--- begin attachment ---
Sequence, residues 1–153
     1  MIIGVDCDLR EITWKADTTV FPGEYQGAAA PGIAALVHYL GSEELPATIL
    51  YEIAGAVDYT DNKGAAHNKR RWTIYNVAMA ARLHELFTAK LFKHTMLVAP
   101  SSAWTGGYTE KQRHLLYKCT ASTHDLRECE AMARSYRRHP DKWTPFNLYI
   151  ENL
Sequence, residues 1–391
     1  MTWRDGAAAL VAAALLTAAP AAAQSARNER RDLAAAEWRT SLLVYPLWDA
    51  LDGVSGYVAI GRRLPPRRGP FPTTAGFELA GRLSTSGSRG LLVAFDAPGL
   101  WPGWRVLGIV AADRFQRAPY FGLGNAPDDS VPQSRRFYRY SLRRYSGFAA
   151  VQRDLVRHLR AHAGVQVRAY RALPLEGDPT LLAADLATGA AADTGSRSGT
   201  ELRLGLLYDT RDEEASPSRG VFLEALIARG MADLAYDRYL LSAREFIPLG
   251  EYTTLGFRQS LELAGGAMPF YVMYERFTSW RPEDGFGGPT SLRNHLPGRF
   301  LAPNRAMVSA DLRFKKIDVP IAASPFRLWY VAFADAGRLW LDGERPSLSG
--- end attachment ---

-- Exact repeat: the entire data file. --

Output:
Sequence, residues 1–153
     1  MIIGVDCDLR EITWKADTTV FPGEYQGAAA PGIAALVHYL GSEELPATIL
    51  YEIAGAVDYT DNKGAAHNKR RWTIYNVAMA ARLHELFTAK LFKHTMLVAP
   101  SSAWTGGYTE KQRHLLYKCT ASTHDLRECE AMARSYRRHP DKWTPFNLYI
   151  ENL
Sequence, residues 1–391
     1  MTWRDGAAAL VAAALLTAAP AAAQSARNER RDLAAAEWRT SLLVYPLWDA
    51  LDGVSGYVAI GRRLPPRRGP FPTTAGFELA GRLSTSGSRG LLVAFDAPGL
   101  WPGWRVLGIV AADRFQRAPY FGLGNAPDDS VPQSRRFYRY SLRRYSGFAA
   151  VQRDLVRHLR AHAGVQVRAY RALPLEGDPT LLAADLATGA AADTGSRSGT
   201  ELRLGLLYDT RDEEASPSRG VFLEALIARG MADLAYDRYL LSAREFIPLG
   251  EYTTLGFRQS LELAGGAMPF YVMYERFTSW RPEDGFGGPT SLRNHLPGRF
   301  LAPNRAMVSA DLRFKKIDVP IAASPFRLWY VAFADAGRLW LDGERPSLSG